Legends of the Maori
The illustrated series of Maori-Polynesian traditions and legends has been planned to deal with the subject in a more comprehensive and artistic manner than has hitherto been attempted. There is in existence a very large body of literature devoted to the Maori of New Zealand, his origins, folk-lore and history; much of this is highly specialised data concerning the religion, beliefs, customs, migrations and local history of the race. It is considered, however, that there is room for a work of this kind, giving a great deal of traditional history and poetic lore not previously published, and affording the artist scope for his skill with pen and pencil. There is a marked lack of books in which an artist has had an opportunity of illustrating the epic traditions of our Maori people, the legends and historical narratives which contain infinite suggestion for the pencil, pen and brush. This field of mythology and authentic tradition is so extraordinarily wide and varied that the chief problem in Mr. Stuart Peterson’s work lies in making a selection from the material. The setting, whether in the coral and volcanic islands from which the Maori came, or in this country of tall forest, snowy mountain, shining lake and rolling river, matches the poetic beauty and dramatic vigour of the narratives.
The culture of every nation, it has been said, must arise out of its background. The Maori life and traditions, the response of the Maori race to its very beautiful and wonderful environment, supply that distinctive background in New Zealand. Here is a people with a culture possessing many features different from those evolved by any other primitive race, a people with a remarkably original sense of artistic values in decoration and craftsmanship. A people of keen intellect who had the creative faculty very highly developed, and who have given the world, through pakeha interpretive writers, a literature rich in poetic fancy. What has been published so far is but a portion of the vast stores of folk lore and poetry accumulated in the course of untold centuries, and handed down from one generation to another. That great American the late Walter Hines Page once defined literature, whether written or spoken, as “thought artistically expressed.” By this standard much of the traditional history and popular tales, chants and poems of the Polynesian-Maori so carefully passed on by word of mouth is literature in the fullest sense; a mythology in no way inferior to that of the Old World classics. Mr. Maurie Hewlett, in his “Lore of Proserpine,” described mythology as “the highest form of art.” Many of the nature page viii legends and the stories of the Polynesian Pantheon are indeed not surpassed if they are equalled, in beauty by anything in Greek literature or Scandinavian saga.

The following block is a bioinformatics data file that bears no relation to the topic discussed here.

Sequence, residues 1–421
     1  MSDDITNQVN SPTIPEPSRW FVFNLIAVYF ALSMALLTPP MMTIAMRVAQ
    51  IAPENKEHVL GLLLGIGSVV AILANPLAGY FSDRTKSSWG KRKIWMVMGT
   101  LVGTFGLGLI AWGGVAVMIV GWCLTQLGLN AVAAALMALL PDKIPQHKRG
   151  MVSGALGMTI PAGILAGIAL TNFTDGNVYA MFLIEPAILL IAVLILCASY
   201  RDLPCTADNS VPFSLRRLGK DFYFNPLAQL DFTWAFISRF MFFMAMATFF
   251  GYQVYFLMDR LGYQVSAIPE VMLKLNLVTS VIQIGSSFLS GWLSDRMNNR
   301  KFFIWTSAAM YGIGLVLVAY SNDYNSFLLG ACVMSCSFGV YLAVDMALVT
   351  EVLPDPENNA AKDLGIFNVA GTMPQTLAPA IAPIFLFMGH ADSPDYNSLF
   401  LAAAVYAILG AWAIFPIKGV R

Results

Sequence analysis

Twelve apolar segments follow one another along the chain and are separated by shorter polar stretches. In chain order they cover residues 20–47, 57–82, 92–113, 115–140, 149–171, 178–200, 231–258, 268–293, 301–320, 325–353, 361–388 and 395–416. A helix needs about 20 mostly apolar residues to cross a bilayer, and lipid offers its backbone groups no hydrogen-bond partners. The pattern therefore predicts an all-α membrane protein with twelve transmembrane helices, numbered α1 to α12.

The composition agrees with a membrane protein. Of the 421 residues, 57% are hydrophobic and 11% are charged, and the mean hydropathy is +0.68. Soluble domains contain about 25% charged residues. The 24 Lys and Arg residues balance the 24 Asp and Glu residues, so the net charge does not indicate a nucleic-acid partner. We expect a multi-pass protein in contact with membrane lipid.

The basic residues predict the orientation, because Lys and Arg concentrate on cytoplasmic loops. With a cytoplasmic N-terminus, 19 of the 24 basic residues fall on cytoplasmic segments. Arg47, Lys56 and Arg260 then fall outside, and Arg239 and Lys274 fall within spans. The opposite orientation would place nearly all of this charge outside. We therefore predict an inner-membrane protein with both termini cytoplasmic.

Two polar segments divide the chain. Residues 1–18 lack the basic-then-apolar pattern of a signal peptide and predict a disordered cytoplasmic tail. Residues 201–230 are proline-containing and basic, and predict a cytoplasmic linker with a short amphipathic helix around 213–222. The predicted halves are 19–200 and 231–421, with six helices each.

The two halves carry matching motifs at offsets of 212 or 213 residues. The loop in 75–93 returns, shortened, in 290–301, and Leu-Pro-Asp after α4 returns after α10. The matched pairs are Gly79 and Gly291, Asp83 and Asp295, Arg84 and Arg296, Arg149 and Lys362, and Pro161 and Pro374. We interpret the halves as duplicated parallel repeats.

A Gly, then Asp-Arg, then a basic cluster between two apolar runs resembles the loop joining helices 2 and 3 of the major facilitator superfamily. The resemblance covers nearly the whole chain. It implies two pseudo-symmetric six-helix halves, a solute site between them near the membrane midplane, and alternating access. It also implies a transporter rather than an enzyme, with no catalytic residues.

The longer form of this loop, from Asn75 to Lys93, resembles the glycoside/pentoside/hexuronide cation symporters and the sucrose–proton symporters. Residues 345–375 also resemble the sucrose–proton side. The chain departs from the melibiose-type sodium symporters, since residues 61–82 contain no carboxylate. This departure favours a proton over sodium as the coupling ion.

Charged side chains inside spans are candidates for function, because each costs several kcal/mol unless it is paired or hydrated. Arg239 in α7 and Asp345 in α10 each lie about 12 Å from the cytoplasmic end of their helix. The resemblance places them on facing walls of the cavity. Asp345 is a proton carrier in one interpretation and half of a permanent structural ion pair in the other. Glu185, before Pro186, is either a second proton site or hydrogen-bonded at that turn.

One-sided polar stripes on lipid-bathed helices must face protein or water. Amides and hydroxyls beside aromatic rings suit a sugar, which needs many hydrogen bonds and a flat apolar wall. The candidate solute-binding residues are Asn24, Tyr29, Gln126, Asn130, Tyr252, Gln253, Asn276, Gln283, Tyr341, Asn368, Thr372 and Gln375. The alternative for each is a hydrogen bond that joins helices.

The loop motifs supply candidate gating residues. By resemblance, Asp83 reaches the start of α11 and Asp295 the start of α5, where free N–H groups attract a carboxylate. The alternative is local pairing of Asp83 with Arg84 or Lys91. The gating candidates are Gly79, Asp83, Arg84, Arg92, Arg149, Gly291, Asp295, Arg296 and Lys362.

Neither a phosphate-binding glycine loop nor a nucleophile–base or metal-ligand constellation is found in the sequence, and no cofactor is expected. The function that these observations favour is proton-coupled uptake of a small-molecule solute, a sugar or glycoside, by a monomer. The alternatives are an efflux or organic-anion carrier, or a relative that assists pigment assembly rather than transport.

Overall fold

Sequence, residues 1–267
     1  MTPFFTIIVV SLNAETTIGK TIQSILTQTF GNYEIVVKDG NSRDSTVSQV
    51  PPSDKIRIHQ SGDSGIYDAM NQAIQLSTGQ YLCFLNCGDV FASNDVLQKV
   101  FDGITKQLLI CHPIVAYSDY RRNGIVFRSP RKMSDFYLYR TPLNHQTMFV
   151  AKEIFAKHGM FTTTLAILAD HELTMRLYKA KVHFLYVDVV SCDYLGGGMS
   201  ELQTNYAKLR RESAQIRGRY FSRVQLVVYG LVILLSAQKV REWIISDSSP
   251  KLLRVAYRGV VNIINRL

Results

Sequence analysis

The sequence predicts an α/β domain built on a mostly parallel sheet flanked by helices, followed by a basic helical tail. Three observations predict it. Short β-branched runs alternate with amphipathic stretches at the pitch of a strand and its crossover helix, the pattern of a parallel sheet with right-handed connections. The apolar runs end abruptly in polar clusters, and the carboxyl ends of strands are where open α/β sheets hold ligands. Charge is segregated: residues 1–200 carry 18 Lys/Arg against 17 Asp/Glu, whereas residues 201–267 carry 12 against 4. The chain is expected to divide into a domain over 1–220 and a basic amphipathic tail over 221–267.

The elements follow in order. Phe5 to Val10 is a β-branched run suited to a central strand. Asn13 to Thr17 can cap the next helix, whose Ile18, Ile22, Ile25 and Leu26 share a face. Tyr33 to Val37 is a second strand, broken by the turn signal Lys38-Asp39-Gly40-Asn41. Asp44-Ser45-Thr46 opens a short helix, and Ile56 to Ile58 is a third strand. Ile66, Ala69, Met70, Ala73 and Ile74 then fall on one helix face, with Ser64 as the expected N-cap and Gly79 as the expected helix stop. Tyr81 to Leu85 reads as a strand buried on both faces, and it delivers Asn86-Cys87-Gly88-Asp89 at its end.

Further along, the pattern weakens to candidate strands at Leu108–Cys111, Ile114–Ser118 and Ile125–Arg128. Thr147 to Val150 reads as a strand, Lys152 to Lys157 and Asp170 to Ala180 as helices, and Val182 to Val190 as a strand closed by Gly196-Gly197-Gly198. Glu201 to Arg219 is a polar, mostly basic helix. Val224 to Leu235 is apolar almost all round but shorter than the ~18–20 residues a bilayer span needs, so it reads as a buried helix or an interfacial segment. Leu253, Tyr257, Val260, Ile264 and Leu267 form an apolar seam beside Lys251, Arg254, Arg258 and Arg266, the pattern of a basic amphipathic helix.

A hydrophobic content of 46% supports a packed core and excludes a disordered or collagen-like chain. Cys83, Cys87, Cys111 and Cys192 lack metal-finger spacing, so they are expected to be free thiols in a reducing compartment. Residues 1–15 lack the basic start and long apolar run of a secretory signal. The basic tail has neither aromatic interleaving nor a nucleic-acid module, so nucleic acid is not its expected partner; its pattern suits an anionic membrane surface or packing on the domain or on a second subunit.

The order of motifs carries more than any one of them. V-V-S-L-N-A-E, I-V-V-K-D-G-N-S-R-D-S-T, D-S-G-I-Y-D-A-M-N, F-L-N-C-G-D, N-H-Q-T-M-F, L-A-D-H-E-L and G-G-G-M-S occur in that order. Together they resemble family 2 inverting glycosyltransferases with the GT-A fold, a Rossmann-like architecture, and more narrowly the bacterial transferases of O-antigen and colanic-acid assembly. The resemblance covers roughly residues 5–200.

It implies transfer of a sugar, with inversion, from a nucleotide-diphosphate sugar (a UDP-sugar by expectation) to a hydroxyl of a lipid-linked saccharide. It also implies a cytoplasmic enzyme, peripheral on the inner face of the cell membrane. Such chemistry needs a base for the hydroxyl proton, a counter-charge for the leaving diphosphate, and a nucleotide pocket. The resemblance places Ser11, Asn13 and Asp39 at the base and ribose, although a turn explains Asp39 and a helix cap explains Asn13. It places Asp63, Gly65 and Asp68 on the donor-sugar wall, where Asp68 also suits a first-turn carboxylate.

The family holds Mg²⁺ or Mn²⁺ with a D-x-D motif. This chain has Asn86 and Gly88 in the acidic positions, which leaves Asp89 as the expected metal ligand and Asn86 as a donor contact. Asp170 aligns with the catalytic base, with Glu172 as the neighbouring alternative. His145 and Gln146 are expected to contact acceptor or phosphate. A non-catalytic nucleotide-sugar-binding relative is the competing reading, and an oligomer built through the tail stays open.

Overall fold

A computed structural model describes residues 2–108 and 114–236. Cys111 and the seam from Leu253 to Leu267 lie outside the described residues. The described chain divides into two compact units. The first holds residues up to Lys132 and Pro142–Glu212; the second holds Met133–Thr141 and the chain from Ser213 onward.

This volume, written by James Cowan, is divided into three sections, designed to present a general survey of Maori-Polynesian tradition and belief: a series of typical legends, folk-tales and tribal historical narratives, and a collection of the poetry of the race. The legends and traditions, songs and chants have been selected from a great mass of race-lore gathered by Mr. Cowan in a lifetime of field research. The author went to original sources; the authorities were the learned old people of the now vanished type, of numerous tribes from the north of New Zealand to the coast of Southland. The tribal folk-tales form the principal part of the book; in the selection made the object is to illustrate some of the characteristic modes of life and thought, the customs and practices of the people, their ways in joy and sorrow, in peace and war. In those stories describing comparatively recent episodes the special interest is the survival of ancient practices and beliefs in modern times. Of this type of narrative the story of the rites for the removal of tapu from a new carved house (page 259) is an example.
In most cases the Maori sources of the various stories and songs are given. In respect of one story the author here makes grateful acknowledgment due to the memory of two great friends of the past, the late Captain Gilbert Mair and Mr. S. Percy Smith. This is the tale of “The Rock of the Flying Foam,” at the Haerehuka Rapids, Waikato River. The story and song (page 139) were sent by Captain Mair to supplement the tradition heard on the spot.